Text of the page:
This is the root and the ground of an overwhelming gratitude which awakens and sustains soul, mind and body to live and mature a life of liberation, freedom and justice.  We are compelled, like generations before, by the inner divine light to fight for a world just and sustainable.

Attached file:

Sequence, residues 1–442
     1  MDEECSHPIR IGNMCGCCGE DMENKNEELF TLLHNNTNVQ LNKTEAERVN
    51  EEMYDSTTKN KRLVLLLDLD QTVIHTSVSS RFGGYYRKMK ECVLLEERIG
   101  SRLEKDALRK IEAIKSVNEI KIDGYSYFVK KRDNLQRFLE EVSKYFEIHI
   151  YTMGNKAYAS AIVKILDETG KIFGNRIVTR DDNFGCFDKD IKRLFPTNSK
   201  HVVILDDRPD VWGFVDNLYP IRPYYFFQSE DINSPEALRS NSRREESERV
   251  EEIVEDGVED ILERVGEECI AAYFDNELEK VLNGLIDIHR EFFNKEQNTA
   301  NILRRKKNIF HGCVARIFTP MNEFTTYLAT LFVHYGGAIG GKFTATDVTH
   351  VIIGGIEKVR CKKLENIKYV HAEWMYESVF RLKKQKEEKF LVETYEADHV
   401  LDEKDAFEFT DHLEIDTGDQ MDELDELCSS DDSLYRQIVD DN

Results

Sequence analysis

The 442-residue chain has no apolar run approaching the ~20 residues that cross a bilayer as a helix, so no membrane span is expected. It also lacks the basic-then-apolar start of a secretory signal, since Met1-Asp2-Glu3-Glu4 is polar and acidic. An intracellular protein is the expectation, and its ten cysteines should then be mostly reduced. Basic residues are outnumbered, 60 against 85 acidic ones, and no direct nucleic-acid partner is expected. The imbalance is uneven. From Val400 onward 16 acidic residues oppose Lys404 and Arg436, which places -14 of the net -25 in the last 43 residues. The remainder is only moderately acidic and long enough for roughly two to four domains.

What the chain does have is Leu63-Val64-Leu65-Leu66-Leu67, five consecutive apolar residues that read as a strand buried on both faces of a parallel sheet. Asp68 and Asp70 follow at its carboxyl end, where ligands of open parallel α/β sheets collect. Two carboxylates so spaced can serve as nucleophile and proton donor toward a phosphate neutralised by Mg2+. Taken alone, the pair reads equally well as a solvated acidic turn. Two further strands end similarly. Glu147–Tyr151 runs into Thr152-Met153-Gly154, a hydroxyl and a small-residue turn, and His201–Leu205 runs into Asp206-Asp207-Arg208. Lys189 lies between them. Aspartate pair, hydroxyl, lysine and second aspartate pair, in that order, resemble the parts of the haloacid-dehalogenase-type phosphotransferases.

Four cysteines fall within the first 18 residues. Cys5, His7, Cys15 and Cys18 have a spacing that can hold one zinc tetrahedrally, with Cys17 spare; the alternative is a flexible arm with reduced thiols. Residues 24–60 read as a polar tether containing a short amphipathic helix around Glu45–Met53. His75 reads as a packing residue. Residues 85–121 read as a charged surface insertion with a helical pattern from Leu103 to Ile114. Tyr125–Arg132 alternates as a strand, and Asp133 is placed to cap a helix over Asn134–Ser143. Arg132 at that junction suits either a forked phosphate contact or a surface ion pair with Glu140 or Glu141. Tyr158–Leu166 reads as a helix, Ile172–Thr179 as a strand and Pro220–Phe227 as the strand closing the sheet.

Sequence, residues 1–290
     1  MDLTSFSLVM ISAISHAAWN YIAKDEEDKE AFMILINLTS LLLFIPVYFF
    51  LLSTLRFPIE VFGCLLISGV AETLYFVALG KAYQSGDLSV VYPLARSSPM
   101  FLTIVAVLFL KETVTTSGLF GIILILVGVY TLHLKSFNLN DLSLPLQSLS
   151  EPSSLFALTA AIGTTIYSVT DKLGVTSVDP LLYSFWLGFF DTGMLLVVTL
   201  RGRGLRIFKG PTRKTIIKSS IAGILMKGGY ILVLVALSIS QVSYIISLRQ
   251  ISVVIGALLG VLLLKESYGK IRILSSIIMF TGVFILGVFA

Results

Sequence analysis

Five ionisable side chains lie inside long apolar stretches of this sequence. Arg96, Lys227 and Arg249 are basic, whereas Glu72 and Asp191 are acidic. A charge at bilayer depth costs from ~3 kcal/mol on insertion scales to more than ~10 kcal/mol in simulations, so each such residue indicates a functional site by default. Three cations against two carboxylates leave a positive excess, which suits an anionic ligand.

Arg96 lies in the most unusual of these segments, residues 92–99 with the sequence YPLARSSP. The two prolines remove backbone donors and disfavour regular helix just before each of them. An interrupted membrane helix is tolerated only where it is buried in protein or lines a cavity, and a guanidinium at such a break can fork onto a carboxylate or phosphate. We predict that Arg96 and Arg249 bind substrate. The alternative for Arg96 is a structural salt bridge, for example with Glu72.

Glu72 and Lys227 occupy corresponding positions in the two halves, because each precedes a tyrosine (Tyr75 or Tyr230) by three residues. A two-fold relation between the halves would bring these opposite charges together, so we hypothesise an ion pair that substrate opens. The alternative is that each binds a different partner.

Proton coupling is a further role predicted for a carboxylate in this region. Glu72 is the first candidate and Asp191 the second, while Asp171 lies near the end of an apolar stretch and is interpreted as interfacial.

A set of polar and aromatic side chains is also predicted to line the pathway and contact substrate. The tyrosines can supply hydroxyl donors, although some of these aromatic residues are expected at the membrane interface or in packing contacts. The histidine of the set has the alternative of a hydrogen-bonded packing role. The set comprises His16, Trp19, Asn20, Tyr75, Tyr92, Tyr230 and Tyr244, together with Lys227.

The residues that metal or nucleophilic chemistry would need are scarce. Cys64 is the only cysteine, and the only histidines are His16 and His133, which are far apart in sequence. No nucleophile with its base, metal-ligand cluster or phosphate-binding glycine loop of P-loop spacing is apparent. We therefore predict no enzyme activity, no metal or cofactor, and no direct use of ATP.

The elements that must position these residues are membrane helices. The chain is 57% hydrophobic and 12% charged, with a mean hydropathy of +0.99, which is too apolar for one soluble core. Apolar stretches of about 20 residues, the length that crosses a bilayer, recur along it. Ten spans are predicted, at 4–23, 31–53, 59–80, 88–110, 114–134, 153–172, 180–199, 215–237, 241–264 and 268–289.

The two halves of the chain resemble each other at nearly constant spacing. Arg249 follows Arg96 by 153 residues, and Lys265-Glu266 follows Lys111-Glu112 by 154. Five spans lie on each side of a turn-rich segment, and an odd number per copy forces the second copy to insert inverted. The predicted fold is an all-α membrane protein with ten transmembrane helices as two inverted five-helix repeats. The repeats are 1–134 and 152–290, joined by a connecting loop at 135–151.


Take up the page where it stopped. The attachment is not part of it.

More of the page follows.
I remember when I was in the Navy, I had a conversation with a good friend, colleague and fellow chief petty Officer about  our teenagers.  They had begun going through their changes, transformation, you might say a metamorphosis.  During our conversation I shared with him that I considered the teenage years, to be a matter of rites of passage, where the former child is leaving childhood and preparing to become an adult.  It can be a dynamic, complex, complicated, at times confusing, yet in the long run hopeful as the human being, one created by God, is ever more revealing the work God is doing amidst family, friends, church and community. You could say it’s God’s coming out party. It is a time when the shape, contour, depth and boundaries, as a means to reveal or uncover an inner divine light are being defined more often than not on God’s terms. Yes, this can be a most challenging time for parents and for the teenager transitioning into adulthood and hopefully maturity.  This didn’t sit well with him.  Mindful of the advent season, the celebration of the birth of Jesus Christ, each of us is called to welcome, nurture and empower the inner divine light so that it might shine with a bold and searing brightness for the world to see.